LOUISVILLE, Ky. (WDRB) -- Less than two years after reforming its alternative schools, Jefferson County Public Schools wants to change course again by restructuring the referral process and adding full time staff to better support students and families.

During a 4 p.m. work session with the Jefferson County Board of Education on Tuesday, officials said they want to recreate the student due process and alternative school choice process to create a "new level of customer service and case management" within the district.

The plan no longer talks about building success pathways at its alternative schools, which called for tighter controls, a higher staff-to-student ratio and extra supports. Instead it talks about creating a division of behavior support and non-behavior support alternative school offices and staffing, along with new vision for case management that oversees referrals/entrance/exit to the district's alternative schools, starting with the 2017-18 year.

"We did not find the success pathways programming productive," says Katy Zeitz, who took over as the assistant superintendent over the district's alternative schools in July.

The plan was discussed following a discussion about the district's latest suspension and discipline numbers, which show a significant increase in student behavior incidents and comes after a long year of complaints from parents, teachers, staff members and community members over discipline issues at the district's 155 schools.

Data released by the state in October as part of the district’s School Report Card show that the number of student behavior incidents – which include everything from drugs, tobacco and alcohol offenses to fighting, assaults, harassment and weapons cases – spiked from 49,155 total incidents in 2014-15 to 62,125 last year -- a 26 percent increase.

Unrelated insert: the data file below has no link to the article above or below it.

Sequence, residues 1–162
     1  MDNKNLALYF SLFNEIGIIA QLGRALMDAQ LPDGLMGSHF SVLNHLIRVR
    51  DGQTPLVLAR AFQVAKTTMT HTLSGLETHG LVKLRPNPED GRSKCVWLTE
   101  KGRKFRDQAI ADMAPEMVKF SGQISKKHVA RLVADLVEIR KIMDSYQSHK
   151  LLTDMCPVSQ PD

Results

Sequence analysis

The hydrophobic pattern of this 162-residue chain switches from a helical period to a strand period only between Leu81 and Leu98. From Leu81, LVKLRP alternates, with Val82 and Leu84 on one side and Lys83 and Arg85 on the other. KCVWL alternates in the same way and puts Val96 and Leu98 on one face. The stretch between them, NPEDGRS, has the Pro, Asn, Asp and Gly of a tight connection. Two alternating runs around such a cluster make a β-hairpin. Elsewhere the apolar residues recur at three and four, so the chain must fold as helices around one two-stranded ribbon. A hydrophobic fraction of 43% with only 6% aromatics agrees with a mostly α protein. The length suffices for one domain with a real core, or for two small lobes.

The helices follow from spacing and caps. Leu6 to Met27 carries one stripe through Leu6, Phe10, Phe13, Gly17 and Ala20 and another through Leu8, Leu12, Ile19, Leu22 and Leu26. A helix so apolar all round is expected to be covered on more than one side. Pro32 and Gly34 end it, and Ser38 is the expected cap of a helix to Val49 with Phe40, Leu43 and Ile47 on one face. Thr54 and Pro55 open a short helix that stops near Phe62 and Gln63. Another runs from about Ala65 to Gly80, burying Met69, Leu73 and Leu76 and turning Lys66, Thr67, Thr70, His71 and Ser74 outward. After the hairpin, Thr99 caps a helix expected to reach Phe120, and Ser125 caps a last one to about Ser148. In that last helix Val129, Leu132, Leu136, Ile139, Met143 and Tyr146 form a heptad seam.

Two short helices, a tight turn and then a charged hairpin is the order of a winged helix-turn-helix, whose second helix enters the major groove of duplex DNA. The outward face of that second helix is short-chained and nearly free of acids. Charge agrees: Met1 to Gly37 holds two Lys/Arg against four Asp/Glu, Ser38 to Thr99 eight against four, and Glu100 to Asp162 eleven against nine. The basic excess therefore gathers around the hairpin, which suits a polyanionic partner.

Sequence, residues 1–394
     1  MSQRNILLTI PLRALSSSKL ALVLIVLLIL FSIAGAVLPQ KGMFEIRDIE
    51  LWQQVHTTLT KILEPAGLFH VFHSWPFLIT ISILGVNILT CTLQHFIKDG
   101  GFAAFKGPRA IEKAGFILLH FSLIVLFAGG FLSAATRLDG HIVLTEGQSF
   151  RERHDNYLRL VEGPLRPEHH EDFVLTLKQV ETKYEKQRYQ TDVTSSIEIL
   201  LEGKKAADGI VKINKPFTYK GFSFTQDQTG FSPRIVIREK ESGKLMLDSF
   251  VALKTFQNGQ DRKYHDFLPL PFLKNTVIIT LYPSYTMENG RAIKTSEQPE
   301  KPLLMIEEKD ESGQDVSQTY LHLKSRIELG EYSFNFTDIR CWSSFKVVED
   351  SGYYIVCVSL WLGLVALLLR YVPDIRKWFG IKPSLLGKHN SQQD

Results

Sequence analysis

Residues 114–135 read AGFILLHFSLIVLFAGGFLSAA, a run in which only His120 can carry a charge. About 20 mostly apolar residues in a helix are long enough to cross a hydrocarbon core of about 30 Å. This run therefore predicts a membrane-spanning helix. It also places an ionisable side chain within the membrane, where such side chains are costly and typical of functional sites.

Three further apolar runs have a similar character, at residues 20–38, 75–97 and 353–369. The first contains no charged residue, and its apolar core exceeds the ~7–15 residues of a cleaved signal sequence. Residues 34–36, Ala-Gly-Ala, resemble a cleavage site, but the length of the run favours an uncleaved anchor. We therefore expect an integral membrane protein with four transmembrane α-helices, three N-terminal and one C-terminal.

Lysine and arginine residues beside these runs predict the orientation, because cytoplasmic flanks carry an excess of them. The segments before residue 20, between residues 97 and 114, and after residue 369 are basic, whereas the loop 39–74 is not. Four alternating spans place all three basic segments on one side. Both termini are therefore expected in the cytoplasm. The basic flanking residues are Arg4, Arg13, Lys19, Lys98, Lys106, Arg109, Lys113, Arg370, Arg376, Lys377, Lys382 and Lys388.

Through Oct. 21, there had been 44,310 student behavior incidents reported, compared to 28,902 at the same time last year.

JCPS has turned to intervention strategies such as restorative practices to proactively manage student behavior. The premise behind restorative practices is that people are happier, more cooperative and productive when those in positions of authority do things with them, rather than to them or for them.

As part of her new role, Zeitz was tasking with creating a new behavior management system for the district that would be responsive to students and teachers. Shortly after she took over, she says she found that a lot of the people who were working in student due process and the district's alternative school offices were either retired educators or part time employees.

"We want to make a move to a consistent staff base, we need full time people in place to help support our students and families," she said. "We want to make sure we are taking the time and review each child's entire case and making sure that wherever they are placed is the best place for them."

Zeitz also mentioned creating enrollment zones "so principals won't just have a student show up without much notice" and returning to "family initiated referrals." 

"We are working to beef up the transition plan for the kids so that when they do return to their home school, it is much more clear and concise and that everyone is on the same page," she said.

Zeitz also presented enrollment updates and a briefing update on each of the district's seven alternative schools: Breckinridge Metropolitan High, Jefferson County High, Liberty High, Minor Daniels Academy, South Park TAPP, The Phoenix School of Discover and Westport TAPP.

No action was taken by the school board on Tuesday, it is expected that the district will bring a formal recommendation to the board for approval in early 2017.


Reporter Antoinette Konz covers K-12 education for WDRB News. She can be reached at 502-585-0838 or @tkonz on Twitter.

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